Veterans like Dylan Thomas, pictured with his family at Two Pines Farm in Marcellus, Mich., benefit from farmer veteran support programs, such as AgrAbility, Farmer Veteran Coalition and Homegrown By Heroes, a farmer veteran branding program.

Veterans like Dylan Thomas, pictured with his family at Two Pines Farm in Marcellus, Mich., benefit from farmer veteran support programs, such as AgrAbility, Farmer Veteran Coalition and Homegrown By Heroes, a farmer veteran branding program.

After spending most of his career serving in the military, U.S. Army veteran Dylan Thomas knew it was time to return to his farming roots. With their belongings packed and shipped, he and his wife, Abbi, left their home in Washington State and moved to Marcellus, Mich., to start their very own farm. Thomas knew he needed to be some place serene, away from the city; he wanted to connect with the earth and nourish his desire to cultivate the land. The Tennessee  native was no stranger to farming before founding Two Pines Farm in 2012, tucked away in the country of his wife’s home state; he grew up on a hog farm as a child.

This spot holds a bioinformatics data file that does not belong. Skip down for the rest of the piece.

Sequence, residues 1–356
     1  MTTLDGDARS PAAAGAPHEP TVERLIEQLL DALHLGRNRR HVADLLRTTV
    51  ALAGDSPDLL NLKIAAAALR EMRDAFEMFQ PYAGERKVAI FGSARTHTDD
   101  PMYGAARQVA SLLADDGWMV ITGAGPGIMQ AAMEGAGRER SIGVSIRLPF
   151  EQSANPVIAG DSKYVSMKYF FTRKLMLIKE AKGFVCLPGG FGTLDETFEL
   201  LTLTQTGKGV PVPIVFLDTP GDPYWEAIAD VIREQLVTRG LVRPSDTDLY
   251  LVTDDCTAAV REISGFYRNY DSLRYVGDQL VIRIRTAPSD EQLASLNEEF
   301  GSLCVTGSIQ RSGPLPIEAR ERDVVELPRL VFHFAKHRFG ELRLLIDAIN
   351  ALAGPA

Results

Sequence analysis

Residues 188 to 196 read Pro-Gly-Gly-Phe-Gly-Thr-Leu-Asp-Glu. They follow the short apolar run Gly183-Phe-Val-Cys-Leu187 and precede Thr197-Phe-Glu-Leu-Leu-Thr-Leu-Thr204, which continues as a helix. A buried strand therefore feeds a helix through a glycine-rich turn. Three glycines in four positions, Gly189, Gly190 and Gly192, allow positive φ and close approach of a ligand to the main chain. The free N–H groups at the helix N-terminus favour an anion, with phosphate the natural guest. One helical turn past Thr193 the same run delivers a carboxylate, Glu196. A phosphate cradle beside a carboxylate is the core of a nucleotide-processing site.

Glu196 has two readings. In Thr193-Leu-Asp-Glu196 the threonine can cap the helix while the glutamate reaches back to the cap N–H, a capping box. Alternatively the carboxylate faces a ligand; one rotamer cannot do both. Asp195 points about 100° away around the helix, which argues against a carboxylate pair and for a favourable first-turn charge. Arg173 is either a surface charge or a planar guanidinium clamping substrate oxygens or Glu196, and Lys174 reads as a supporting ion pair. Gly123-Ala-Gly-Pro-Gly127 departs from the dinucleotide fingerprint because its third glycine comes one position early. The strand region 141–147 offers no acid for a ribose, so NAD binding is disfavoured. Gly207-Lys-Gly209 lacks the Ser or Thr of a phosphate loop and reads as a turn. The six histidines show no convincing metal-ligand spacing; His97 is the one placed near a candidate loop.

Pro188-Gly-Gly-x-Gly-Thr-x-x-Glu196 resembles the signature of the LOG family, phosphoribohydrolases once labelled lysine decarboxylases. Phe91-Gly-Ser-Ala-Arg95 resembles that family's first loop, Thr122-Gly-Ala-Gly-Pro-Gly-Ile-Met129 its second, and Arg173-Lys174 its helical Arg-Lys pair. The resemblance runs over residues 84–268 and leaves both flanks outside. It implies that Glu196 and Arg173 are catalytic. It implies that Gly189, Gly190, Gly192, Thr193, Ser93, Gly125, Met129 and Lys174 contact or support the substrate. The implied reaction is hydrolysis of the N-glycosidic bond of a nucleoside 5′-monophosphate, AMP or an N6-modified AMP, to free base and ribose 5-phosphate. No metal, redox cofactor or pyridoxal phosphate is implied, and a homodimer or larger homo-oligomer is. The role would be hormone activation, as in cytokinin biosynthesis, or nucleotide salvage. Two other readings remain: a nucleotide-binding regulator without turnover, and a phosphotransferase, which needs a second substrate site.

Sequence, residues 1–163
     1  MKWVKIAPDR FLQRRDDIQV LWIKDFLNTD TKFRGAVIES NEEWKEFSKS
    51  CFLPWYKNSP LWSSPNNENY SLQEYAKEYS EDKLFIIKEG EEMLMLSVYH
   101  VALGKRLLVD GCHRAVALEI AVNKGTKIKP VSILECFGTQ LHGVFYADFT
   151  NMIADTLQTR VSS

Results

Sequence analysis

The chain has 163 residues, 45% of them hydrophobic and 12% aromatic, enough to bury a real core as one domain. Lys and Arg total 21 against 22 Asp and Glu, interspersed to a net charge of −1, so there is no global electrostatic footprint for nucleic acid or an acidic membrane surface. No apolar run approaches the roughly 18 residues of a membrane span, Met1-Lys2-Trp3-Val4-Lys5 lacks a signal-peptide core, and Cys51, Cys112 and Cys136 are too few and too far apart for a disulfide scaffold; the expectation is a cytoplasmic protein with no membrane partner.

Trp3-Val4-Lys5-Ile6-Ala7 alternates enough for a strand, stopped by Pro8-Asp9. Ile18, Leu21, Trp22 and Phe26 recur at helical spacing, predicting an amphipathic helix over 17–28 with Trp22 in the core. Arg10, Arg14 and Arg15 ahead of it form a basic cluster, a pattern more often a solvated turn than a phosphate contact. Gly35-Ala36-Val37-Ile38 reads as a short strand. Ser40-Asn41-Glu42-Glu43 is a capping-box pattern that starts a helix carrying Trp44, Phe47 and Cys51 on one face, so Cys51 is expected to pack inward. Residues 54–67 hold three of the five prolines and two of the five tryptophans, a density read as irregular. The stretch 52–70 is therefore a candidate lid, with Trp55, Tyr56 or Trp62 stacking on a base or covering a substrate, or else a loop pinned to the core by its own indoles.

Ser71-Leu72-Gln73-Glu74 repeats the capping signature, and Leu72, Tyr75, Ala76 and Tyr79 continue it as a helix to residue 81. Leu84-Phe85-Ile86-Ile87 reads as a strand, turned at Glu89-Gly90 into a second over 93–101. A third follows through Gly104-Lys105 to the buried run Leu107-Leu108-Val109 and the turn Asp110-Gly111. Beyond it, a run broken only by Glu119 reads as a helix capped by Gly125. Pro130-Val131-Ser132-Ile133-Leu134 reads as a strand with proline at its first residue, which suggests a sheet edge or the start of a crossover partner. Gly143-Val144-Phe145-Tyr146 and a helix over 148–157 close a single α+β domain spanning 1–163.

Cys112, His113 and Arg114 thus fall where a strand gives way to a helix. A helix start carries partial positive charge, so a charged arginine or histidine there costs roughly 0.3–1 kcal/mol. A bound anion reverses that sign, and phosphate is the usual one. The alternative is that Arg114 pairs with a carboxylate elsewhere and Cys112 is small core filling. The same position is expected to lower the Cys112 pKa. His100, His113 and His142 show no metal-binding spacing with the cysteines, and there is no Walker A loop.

Now at Two Pines Farm, the Thomas family raises pastured pork and chickens. “We found a little farmhouse with just over 12 acres in Michigan on the corner of two dirt roads,” Thomas says. “You really don’t find it unless you know exactly where you’re going.” Thomas left the Army with post-traumatic stress disorder (PTSD), a traumatic brain injury and other physical problems after serving years in Iraq.

“We knew that farming would give me a way to give back and help other people, and also be able to spend time outside,” he says. “We wanted it to be something our family could do.” The farmer found more than a new lease on life within Michigan agriculture – he was welcomed by a community supportive of farmer veterans, as well as initiatives to help him through the transition. After founding Two Pines Farm, Thomas spoke at a Farmer Veteran Coalition event where a fellow veteran told him about Michigan AgrAbility, a service helping farmers with medical impairments pursue their chosen agriculture lifestyle.